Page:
Crowdfunding: it seems to have opened doors for so many. Projects getting funded left and right….dreams coming true.

But, should ALL dreams get funded? Even the ones that don’t contribute to society?

I’ll admit: back in August, I ran my own crowdfunding campaign on Indiegogo. I wanted to raise money for TAOpivot so I could pay for an intern and ease some of my financial burdens with running the company. I chose the flexible funding option; most of the money I raised was through my loved ones. I did not reach my funding goal, though.

In hindsight, I see that I did not have a strong enough campaign or message to compel strangers to contribute. However, as I watched which campaigns got featured on the front page, I also grew bitter. How come campaigns for making zombie figurines were getting overfunded and mine, a worthy social pursuit, was not?

My friend Shay, aka Black Girl in Maine, recently put up a campaign on Indiegogo to help her nonprofit organization, Joyful Harvest Center, to stay afloat. Joyful Harvest is a safe haven for children from low-income families in the Biddeford area of Maine. I hurt seeing how few people contributed to the fund; I hurt even more seeing how the center could potentially close its doors by the end of June due to lack of funding.

And again, I am reminded of why, many times, crowdfunding is a way to fund everyone’s dreams, but some dreams seem “more important” to the public than others.┬áPeople would rather see more useless objects in our society than to fund organizations that are trying to improve society/our economy.

And then, these same people wonder why they’re unemployed, or why there is still a high-unemployment rate in the U.S.

Is this how human nature shows its true colors through this new way of funding? Have we, as a society, grown numb to trying to help each other out for worthwhile necessities in life? Have we suddenly decided that funding a statue of a not-so-famous celebrity on a dinosaur’s body is so much more important than helping a nonprofit organization for at-risk youth?

Sure, life is unfair, but if we’re a society built on making the next generation of leaders, why are we turning the other way when it comes to what Joyful Harvest Center is trying to achieve? What other socially-minded ventures are trying to achieve?

(Want to make a financial donation to Joyful Harvest Center?)


Business Musings inspiration life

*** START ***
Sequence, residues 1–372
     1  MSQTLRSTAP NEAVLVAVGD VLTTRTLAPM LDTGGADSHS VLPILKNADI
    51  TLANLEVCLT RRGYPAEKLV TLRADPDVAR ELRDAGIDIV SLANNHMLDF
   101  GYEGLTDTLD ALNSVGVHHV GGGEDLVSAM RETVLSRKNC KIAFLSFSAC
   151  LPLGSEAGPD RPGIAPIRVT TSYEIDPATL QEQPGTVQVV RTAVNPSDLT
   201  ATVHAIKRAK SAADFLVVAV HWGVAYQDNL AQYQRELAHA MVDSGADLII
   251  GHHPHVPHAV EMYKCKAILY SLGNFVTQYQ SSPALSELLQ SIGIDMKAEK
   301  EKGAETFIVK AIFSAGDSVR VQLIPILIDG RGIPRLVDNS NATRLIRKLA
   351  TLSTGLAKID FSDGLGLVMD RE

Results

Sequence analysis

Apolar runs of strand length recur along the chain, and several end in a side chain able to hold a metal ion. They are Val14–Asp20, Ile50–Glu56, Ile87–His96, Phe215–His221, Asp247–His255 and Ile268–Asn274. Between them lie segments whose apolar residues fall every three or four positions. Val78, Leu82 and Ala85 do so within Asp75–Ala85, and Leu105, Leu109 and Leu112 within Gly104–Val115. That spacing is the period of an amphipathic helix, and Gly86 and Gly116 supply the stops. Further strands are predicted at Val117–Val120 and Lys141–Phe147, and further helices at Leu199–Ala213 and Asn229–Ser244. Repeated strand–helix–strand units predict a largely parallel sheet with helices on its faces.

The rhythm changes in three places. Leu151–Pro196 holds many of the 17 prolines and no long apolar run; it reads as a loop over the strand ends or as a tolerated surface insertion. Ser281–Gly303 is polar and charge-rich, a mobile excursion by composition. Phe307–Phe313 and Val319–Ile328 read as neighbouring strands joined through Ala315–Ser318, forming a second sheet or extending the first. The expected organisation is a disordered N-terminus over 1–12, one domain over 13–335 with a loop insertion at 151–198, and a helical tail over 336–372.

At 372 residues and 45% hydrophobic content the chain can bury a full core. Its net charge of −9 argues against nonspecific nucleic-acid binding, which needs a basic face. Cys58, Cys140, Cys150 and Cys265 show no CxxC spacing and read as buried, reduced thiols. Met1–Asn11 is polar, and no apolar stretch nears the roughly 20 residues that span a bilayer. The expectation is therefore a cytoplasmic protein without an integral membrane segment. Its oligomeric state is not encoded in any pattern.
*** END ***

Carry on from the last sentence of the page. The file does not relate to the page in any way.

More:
What Society Dictates For Your Life

Hey, I can paint, too! ;)
Hey, I can paint, too! ­čśë

A vague title as I sit here and try to figure out what’s the best way to talk about this topic. Do you get what I mean? Do you feel like the society our ancestors (ok, maybe not MY ancestors, but…you know…) have built in the U.S. is stifling to some degree? Especially in this changing world.

About two years ago, I had this exact suffocating feeling when I first started my B-school program. I walked into my classes and felt that, as groupthink, many of my classmates wanted to be nothing more than hardcore businesspeople. I struggled during that time, trying to figure out “Am I only just a hardcore businessperson myself? But what about my creativity? Can I be both a writer and a businessperson?”

Even though nobody was outright telling me I couldn’t be both (and more), I felt strongly that society wants us to be in silos: you’re either a creative person or you’re not. You’re either in finance or you’re in painting; NOT BOTH.

Fast forward to the present, and I still see this prevalent in how the media portrays current events/etc. Have you heard about our former President George W. Bush and his paintings? There seems to be a lot of shock and awe over his newfound talent and pastime. As I read over the article linked above, seems that the media (and the general public) assumes that “He was our President. He can’t also be a painter.”

It’s this kind of mindset that keeps us in shackles throughout our lives. I was fairly upset trying to compromise my life during business school…until finally I decided, enough is enough. I CAN be a writer AND a businessperson. I CAN knit and also do business strategies. I CAN be more than what society would want to box me into!

From that point forward, I felt liberated. Sure, sometimes I still get the reactions of “Wait, what do you do? You do that AND this?” and I end up getting self-conscious for a moment as I get this innocent yet pointed question from others. But, in the end, I know that I must take those shackles off from my mind, my life. I don’t have to be just one profession.

And you don’t either. You, too, can break free and know that, whether you write poetry and play rugby, or you draw caricatures and do PR…you can be whoever you want to be. You don’t have to be in a box. We weren’t meant to live this way anyway.

Business Musings life Who I Am

5 Questions to Help You Discover Your Personal Brand

My father, my hero.
My father, my hero.